Oversupply pushes Asian spot LNG prices down

Oversupply pushes Asian spot LNG prices down

Asian spot prices fell in the first half of October as the region struggled to absorb abundant supply of liquefied natural gas from the Pacific basin amid weak demand fundamentals, reveals the ICIS East Asia Index (EAX).

The November ’14 East Asia Index (EAX) was assessed at $13.950/MMBtu on 15 October, having shed $0.775/MMBtu from a high point of $14.725/MMBtu on 29 September. This represented a $0.588/MMBtu loss since the contract rolled to become the front month on 16 September. December EAX was assessed at $14.468/MMBtu on 15 October, having fallen by $0.307/MMBtu since 16 September.

As the new contract month began in mid-September, sellers cited the high cost of marginal supply from the Atlantic basin in pushing to extend the rally that began in late July. FOB (free on board) prices remained around $13.000/MMBtu in the Atlantic basin, while opportunities from the usual sources of Nigeria and Trinidad remained limited.

Many of Japan’s larger utility buyers remained out of the market because of ample inventories and predictions of mild October weather. South Korea’s Kogas continued its attempts to enter into swap arrangements by offering prompt volumes to the market in return for receiving volumes later in the winter. However, smaller Japanese utilities and a number of Chinese buyers had expressed interest for November deliveries.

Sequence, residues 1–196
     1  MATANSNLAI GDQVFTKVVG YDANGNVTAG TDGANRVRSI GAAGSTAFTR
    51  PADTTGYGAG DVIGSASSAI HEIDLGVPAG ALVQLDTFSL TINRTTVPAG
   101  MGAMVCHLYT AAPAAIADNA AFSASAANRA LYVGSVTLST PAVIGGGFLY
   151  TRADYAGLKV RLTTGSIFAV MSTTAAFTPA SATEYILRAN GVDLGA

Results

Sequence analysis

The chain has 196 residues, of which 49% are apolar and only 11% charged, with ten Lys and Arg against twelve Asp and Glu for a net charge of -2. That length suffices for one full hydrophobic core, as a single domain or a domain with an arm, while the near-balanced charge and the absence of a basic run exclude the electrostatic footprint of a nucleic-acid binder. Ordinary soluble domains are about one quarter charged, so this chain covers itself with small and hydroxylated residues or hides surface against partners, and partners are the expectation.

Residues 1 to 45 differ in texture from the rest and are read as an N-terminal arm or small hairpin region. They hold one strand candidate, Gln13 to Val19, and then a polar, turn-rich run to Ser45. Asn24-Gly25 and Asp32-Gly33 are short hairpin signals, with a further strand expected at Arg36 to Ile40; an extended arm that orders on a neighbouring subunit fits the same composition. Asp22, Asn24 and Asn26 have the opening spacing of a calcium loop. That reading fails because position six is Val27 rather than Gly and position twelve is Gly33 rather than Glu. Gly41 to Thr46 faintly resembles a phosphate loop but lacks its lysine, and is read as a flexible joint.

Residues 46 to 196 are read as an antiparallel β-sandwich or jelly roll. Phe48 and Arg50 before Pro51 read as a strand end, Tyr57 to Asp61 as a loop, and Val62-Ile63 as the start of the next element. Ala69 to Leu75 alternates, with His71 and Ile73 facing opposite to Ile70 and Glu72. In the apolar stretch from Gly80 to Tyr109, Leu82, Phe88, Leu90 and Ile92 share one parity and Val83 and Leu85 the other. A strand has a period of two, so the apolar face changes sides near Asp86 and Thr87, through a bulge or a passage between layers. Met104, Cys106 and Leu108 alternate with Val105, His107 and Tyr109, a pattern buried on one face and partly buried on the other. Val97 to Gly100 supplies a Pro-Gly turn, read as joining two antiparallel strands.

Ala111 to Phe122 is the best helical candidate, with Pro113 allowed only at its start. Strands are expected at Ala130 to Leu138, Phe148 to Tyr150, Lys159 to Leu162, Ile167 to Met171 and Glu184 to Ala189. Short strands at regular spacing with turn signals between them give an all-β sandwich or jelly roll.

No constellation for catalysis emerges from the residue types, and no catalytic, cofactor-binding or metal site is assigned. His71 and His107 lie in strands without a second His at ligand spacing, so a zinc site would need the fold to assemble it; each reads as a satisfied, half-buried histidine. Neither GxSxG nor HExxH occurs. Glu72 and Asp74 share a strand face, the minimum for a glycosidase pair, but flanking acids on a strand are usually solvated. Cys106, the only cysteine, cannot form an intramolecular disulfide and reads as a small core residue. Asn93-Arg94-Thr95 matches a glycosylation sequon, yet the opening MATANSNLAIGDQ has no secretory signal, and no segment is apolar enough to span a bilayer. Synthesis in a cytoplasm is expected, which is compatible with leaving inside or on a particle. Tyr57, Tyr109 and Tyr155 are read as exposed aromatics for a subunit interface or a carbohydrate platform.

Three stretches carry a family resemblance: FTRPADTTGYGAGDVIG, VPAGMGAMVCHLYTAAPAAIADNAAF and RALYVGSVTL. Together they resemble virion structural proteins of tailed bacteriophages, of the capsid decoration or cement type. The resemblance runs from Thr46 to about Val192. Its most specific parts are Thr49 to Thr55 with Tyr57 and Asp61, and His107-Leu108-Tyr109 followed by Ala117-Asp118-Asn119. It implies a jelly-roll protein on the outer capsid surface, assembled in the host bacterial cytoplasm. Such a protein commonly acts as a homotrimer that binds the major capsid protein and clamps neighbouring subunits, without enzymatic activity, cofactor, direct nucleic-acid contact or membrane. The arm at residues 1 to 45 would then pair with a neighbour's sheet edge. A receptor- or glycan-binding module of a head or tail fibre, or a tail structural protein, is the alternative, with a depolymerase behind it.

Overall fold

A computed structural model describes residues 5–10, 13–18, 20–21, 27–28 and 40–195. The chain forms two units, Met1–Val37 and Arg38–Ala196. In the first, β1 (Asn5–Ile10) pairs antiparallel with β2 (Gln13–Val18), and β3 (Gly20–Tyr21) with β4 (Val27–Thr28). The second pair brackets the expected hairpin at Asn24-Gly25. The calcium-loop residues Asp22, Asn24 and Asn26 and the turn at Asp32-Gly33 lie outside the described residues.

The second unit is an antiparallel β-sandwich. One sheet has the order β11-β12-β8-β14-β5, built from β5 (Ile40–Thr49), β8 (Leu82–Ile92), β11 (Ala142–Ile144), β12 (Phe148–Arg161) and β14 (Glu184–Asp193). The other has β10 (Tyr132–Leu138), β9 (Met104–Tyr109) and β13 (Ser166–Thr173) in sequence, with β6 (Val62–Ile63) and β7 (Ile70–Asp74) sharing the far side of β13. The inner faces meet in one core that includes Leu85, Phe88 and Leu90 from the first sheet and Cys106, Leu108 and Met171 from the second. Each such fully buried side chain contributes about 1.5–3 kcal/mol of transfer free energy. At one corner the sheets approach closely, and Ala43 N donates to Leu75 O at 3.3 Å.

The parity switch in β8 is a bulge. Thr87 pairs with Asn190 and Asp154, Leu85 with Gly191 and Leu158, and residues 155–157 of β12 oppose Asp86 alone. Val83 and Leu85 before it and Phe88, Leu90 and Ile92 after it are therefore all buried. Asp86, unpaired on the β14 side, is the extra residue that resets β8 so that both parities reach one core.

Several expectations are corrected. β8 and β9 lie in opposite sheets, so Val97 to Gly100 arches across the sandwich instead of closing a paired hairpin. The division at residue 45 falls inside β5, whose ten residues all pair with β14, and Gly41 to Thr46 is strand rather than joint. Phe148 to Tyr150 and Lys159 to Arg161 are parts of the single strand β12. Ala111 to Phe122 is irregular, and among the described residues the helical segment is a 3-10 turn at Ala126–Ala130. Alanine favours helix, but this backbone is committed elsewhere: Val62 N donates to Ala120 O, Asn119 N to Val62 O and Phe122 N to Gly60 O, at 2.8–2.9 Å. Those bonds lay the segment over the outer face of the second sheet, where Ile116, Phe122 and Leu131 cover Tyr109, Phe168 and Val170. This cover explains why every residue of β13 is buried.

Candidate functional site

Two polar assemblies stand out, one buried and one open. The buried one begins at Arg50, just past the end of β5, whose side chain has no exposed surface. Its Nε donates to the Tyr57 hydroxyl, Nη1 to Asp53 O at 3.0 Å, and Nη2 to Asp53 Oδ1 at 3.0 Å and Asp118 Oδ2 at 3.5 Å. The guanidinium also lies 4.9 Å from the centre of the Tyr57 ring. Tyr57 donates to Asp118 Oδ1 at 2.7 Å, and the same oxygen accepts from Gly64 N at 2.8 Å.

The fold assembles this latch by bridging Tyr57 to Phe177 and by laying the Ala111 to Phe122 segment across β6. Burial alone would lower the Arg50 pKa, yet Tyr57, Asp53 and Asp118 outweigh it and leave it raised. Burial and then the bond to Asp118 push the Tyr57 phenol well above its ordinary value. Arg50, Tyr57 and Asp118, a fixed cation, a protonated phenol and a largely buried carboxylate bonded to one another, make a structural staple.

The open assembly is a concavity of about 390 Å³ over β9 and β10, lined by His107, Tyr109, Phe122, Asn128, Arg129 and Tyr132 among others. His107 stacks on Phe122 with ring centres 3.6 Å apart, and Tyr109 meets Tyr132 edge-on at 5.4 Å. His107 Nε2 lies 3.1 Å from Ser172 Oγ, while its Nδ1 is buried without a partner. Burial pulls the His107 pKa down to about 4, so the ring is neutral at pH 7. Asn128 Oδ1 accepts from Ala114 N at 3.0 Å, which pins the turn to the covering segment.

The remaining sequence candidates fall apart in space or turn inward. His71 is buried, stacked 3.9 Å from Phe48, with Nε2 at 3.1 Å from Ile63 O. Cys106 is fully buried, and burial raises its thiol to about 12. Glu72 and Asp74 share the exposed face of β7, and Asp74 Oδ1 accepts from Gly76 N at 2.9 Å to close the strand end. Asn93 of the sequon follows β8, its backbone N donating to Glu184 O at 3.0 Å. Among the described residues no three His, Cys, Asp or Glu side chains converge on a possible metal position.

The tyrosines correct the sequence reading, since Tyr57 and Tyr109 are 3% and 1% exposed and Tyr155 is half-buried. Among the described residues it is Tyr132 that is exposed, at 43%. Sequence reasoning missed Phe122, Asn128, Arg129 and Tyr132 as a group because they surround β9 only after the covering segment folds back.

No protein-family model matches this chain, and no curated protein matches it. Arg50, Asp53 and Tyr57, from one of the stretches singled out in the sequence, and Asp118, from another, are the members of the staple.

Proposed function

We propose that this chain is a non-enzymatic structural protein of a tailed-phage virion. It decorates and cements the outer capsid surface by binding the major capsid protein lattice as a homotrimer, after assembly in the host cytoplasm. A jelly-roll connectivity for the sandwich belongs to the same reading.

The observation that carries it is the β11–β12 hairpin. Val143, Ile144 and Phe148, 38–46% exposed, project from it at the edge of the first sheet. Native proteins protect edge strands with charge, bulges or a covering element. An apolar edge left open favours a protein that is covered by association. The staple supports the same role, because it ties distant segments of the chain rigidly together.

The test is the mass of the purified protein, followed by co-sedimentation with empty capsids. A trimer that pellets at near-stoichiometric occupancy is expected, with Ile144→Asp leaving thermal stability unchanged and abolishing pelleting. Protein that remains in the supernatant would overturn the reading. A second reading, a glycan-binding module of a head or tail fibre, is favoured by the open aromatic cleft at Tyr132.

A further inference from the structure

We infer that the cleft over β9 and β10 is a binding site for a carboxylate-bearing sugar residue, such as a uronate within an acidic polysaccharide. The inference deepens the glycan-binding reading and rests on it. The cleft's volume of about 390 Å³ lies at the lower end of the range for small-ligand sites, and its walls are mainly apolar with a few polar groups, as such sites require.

On 26 September, the highest bid for delivery in the second half of November was recorded at $14.600/MMBtu into Japan, while the lowest offer for the same delivery period was heard at $15.100/MMBtu.

By late September, the emergence of abundant supply from within the Pacific basin acted to cap any price rises. The North West Shelf project in Australia, the ExxonMobil-operated PNG LNG project and Abu Dhabi’s ADGAS opened tenders to sell at least four cargoes for November delivery. Indonesia’s Bontang LNG export plant also closed a tender for the delivery of up to six cargoes on a prompt basis, while the BP-operated Tangguh project on the Indonesian island of West Papua was heard to be marketing four early winter spot cargoes. These cargoes were released to the market because of a delay to the start-up of the Lampung floating terminal off the coast of southern Sumatra.

 

Press Release; Image: NWS LNG

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